A photo has surfaced that shows former Vice President Joe Biden posing with his son Hunter and Devon Archer, who served ​with Hunter ​on the board of Ukrainian natural gas company Burisma Holdings, during a 2014 golf outing in the Hamptons.

          https://nypost.com/2019/10/01/joe-and-hunter-biden-golfed-with-ukraine-gas-executive-in-2014/

          What ever happened to Devon Archer?

          U.S. judge overturns New York man’s conviction in tribal bond scheme

          U.S. LEGAL NEWSNOVEMBER 15, 2018

          By Brendan Pierson

          (Reuters) – A federal judge on Thursday overturned the conviction of a New York man on charges that he helped run a scheme to defraud a Native American tribe and multiple pension funds through the issue of $60 million worth of tribal bonds.

          U.S. District Judge Ronnie Abrams in Manhattan ruled that the evidence at the trial earlier this year had not shown that the man, Devon Archer, knew that the bond issue was fraudulent, or that he received any personal benefit from it. Abrams said she was “left with an unwavering concern that Archer is innocent of the crimes charged.”

          She upheld the convictions of John Galanis and Bevan Cooney, who were tried and convicted alongside Archer.

          https://www.reuters.com/article/us-usa-crime-tribalbonds/us-judge-overturns-new-york-mans-conviction-in-tribal-bond-scheme-idUSKCN1NK341

          But wait there’s more.

          Look who appointed the judge that overturned the conviction of Biden’s golfing buddy.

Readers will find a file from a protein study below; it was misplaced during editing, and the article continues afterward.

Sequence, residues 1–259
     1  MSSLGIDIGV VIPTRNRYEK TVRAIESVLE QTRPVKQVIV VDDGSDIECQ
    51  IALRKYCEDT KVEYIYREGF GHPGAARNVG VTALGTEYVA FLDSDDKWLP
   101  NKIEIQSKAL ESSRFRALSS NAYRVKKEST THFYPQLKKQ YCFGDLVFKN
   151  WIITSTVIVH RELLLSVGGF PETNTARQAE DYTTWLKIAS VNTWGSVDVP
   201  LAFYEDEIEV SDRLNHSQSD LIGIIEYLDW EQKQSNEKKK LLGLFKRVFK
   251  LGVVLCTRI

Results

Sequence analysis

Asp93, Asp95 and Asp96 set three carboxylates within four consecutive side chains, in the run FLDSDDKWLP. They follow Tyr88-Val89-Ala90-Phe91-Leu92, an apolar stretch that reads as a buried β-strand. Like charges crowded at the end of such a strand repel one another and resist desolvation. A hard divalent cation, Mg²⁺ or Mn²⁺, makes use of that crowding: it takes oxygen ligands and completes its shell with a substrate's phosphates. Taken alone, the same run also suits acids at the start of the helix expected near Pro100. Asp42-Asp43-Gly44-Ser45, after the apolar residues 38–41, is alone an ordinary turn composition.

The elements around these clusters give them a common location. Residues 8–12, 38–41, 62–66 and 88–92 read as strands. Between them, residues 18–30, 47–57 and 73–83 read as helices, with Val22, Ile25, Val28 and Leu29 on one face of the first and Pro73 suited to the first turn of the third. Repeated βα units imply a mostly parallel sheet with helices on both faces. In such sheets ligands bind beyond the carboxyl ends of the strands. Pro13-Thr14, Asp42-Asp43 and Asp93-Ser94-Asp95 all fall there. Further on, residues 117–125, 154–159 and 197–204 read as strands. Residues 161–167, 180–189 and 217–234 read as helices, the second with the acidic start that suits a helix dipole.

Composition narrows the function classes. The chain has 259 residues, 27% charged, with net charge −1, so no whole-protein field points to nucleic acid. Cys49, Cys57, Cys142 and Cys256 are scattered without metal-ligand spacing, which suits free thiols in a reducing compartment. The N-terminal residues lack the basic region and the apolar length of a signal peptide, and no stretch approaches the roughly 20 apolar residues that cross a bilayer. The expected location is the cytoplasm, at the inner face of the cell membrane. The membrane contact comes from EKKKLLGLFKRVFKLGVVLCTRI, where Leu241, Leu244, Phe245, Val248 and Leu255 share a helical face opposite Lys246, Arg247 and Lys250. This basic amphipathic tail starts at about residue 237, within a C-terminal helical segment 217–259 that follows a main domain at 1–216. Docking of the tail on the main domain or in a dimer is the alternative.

Born 1968 in New York, NY

          Judge, U.S. District Court for the Southern District of New York
          Nominated by Barack Obama on July 28, 2011, to a seat vacated by Lewis A. Kaplan. Confirmed by the Senate on March 22, 2012, and received commission on March 23, 2012.

          https://www.fjc.gov/history/judges/abrams-ronnie

        6. Biden says AOC is “not where the party’s at.” He’s wrong. The Democrat old guard comprised of corrupt corporate Democrats like Biden, Hillary, and Fauxahontus (yes, she’s one of them) are going to be purged by far-left militants who want to wrest control of Democrat patronage and graft rackets from Old Guard, as well as radically expanding the “redistribution of the wealth.” White males in particular are going to be turned out to pasture as the non-diverse have no future in the Democratic Party.

          https://www.vice.com/en_us/article/mbmmpa/biden-aoc-is-not-where-the-partys-at

      2. From what I understand, Section 8 vouchers are limited in number, unlike food stamps. I recall reading that in Denver there is a lottery to get onto the waiting list. Of course a Democrat controlled federal government could change that.

        1. Yes that is what I was suggesting. The Democrats would expand section 8 so much that it would even include illegals. If Medicare for all is a right which includes everyone the same would apply to section 8.

          1. I recall reading that in Denver there is a lottery to get onto the waiting list.

            True in a lot of places.

            Of course a Democrat controlled federal government could change that.

            Not so sure about that. Here in the leftist/socialist utopia of King County/Seattle, there’s been next to zero effort to do so despite the $100M per year spent on ‘homeless’ and ‘affordable housing’, etc.

            And if someone if fortunate enough to wind up with a voucher, good luck finding a place to live in that a) accepts Section 8, and b) is priced low enough to use the voucher, and c) is safe/clean/worth living in. I’ve seen all this first hand – helping a disabled lady (on SSDI) I went to school with move out here and get established. The majority of landlords, private and commercial, SFH to massive apartment complexes, don’t want to deal with Section 8 (for reasons both correct and false) and make things very difficult to do so.